Funny how non-modular Dimdows is: it only does caching of NTFS but not VFAT,
    and the driver and filesystem layers are so closely tied that the
    filesystems you're allowed to use depend on the device--e.g. only ISO9660
    on optical disks, no NTFS allowed.
    Lawrence D'Oliveiro, Oct 7, 2008
    #4
  5. Enkidu

    eyes Guest

    ~misfit~ wrote:
    > Somewhere on teh intarwebs "Enkidu" typed:
    >> You might find that they are slooooow. I bought a cheap 4GB and
    >> copying more than a hundred MB to it takes ages.

    >
    > I found that. I bought a 2GB Imation a while back for $60 and was quite
    > happy with it. Fast Forward maybe 18 months and I see a 4GB (can't remember
    > the brand and it's not written on it) for $24 in Paper Plus and it's
    > dog-slow compared to the 'old' Imation. It takes maybe 4 x as long to copy
    > the same file.
    >
    > Cheers,


    Interesting.. I bought an Apacer 4GB to upgrade my Imation 2GB a couple
    of months back (for $20, why not?). The Apacer was in the order of 2-4x
    faster for both reads and writes...
    eyes, Oct 8, 2008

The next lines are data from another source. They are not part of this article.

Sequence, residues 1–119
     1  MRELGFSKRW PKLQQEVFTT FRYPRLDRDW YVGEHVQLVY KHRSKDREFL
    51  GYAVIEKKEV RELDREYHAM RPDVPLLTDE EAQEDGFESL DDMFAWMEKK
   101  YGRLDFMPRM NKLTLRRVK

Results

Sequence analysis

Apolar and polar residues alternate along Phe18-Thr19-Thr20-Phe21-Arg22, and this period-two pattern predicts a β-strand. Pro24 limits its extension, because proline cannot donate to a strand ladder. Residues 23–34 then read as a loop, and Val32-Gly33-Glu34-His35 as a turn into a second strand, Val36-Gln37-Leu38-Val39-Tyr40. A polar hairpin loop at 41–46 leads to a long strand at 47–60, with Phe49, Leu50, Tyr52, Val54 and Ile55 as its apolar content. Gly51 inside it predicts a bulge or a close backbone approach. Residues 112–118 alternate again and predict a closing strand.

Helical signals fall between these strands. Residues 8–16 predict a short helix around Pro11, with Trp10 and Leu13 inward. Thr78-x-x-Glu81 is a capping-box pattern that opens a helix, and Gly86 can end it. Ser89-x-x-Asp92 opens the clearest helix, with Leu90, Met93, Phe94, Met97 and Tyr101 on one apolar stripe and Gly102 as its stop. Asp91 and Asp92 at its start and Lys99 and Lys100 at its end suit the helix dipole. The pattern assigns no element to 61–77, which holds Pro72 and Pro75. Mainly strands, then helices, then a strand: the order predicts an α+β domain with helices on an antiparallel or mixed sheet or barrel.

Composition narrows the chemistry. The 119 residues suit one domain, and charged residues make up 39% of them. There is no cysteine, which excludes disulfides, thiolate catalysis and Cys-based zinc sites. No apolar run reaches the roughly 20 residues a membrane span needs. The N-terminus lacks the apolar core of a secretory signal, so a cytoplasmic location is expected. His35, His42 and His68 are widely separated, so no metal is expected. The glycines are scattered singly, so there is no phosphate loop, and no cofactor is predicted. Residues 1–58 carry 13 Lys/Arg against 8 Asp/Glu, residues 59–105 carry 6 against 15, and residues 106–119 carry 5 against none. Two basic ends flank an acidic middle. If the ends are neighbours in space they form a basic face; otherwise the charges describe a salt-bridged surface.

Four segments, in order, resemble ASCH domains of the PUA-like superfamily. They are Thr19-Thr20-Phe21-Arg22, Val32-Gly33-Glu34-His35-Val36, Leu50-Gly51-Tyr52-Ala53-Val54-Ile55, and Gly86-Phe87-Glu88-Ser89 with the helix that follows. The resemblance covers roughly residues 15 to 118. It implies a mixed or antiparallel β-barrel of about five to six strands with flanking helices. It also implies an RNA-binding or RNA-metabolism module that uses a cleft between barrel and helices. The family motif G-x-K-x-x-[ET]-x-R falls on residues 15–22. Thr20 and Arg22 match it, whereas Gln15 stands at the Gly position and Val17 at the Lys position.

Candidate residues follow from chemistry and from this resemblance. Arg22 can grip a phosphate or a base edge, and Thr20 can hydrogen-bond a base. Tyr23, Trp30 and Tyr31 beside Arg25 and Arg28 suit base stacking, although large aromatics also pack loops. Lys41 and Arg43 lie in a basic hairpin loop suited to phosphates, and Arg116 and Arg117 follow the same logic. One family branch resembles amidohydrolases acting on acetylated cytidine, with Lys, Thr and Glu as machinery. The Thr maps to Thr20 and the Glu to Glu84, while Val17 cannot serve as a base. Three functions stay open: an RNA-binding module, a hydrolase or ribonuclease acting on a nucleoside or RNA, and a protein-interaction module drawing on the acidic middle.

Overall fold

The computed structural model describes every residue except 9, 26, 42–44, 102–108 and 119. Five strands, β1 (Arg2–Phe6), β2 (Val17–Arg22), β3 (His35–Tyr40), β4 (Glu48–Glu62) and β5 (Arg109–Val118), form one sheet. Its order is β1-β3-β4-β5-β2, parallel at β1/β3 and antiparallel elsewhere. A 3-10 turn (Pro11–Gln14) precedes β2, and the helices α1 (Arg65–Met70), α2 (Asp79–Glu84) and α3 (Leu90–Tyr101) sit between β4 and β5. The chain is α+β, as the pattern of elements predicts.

#5
  6. In article <gchbkf$4p3$>, eyes <> wrote:
    >~misfit~ wrote:
    >> Somewhere on teh intarwebs "Enkidu" typed:
    >>> You might find that they are slooooow. I bought a cheap 4GB and
    >>> copying more than a hundred MB to it takes ages.

    >>
    >> I found that. I bought a 2GB Imation a while back for $60 and was quite
    >> happy with it. Fast Forward maybe 18 months and I see a 4GB (can't remember
    >> the brand and it's not written on it) for $24 in Paper Plus and it's
    >> dog-slow compared to the 'old' Imation. It takes maybe 4 x as long to copy
    >> the same file.

    >
    >Interesting.. I bought an Apacer 4GB to upgrade my Imation 2GB a couple
    >of months back (for $20, why not?). The Apacer was in the order of 2-4x
    >faster for both reads and writes...


    In the abscence of a clear pattern here, I am starting to wonder whether the
    speed variations reported here are related to USB 1 vs USB 2 type